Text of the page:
Novel Virus Identified in Endangered Species May Represent Evolution of Two Major Virus Families
The near extinction of the western barred bandicoot has led to the identification of a novel virus exhibiting characteristics of two ancient virus families. The researchers from Murdoch University, Perth, Western Australia, and the University of Leuven, Belgium report their findings in the December 2007 issue of the Journal of Virology.
The western barred bandicoot (WWB), an Australian marsupial once commonly found across western and southern Australia, is now endangered throughout parts of the country and already extinct on the mainland. While promoting conservation efforts, researchers discovered a debilitating disease affecting the species causing full body lesions.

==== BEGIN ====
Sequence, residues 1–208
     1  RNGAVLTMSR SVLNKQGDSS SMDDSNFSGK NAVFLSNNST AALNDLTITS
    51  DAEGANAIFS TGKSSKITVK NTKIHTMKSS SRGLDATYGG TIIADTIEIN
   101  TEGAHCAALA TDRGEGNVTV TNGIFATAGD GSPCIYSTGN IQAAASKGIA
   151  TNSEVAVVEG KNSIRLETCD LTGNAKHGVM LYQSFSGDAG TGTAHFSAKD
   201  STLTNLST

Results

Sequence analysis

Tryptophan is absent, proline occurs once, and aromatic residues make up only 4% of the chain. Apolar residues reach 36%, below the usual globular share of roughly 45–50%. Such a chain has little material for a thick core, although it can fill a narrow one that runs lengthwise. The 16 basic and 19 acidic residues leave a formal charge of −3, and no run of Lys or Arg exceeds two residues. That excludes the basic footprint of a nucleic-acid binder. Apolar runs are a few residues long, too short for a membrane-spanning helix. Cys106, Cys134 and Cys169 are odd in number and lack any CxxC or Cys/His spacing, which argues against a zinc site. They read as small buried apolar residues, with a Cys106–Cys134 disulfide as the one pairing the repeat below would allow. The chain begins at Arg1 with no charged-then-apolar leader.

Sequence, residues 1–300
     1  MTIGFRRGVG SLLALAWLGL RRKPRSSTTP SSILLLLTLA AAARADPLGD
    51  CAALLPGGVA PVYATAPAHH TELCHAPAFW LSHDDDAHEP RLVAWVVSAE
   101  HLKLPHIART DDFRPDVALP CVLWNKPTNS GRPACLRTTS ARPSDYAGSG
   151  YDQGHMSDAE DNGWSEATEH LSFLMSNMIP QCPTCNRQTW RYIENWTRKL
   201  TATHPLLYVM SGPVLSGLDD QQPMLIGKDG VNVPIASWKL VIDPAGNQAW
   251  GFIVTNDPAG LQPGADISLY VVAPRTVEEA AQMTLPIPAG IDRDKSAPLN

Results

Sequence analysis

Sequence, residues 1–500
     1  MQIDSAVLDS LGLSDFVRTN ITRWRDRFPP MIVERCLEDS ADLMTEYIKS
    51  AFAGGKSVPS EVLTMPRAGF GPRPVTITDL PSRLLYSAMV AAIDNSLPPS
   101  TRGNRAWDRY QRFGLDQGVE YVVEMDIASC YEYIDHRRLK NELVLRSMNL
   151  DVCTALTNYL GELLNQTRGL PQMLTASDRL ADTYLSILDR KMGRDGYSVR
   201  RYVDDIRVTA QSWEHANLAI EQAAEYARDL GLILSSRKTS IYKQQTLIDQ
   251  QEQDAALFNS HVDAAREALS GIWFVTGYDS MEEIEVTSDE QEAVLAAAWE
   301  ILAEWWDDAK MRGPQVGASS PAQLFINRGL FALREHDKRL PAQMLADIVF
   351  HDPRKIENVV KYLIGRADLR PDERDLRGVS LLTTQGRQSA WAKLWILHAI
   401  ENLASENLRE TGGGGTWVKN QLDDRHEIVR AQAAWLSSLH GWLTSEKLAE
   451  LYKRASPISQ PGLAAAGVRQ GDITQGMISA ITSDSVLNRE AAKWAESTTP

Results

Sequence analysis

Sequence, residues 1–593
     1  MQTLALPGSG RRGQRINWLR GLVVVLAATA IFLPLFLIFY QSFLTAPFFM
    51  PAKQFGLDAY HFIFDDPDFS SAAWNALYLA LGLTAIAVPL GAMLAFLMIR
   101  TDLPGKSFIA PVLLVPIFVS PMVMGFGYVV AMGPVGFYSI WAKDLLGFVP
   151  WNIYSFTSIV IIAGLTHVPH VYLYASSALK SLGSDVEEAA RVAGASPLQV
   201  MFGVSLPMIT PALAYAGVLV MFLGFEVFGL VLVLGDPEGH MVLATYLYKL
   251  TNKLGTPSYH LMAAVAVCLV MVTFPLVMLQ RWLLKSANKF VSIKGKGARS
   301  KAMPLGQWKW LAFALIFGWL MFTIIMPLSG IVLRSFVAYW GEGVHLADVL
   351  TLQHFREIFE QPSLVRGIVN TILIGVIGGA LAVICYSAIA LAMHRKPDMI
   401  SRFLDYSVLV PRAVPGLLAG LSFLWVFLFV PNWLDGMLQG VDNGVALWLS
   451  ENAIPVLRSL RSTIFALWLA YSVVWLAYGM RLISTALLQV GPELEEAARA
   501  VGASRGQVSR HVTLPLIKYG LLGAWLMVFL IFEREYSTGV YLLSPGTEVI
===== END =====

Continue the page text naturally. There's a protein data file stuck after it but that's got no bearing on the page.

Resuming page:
Papillomaviruses (PVs) and polyomaviruses (PyVs) are known to infect human, mammalian, and avian species. They were previously considered subunits of the Papovaviridae family, however they are currently recognized as two separate virus families due to significantly different genome sizes and organizations. In the study researchers analyzed skin swabs taken from the lesions of infected WWBs and identified a novel virus exhibiting properties of both the Papillomaviridae and Polyomaviridae family. They have designated this new prototype the bandicoot papillomatosis carcinomatosis virus type 1 (BPCV1).
BPCV1 may represent the first member of a novel virus family, descended from a common ancestor of the papillomaviruses and polyomaviruses recognized today, say the researchers. The discovery of the virus could have implications for the current taxonomic classification of Papillomaviridae and Polyomaviridae and can provide further insight into the evolution of these ancient virus
|Contact: Carrie Patterson|
American Society for Microbiology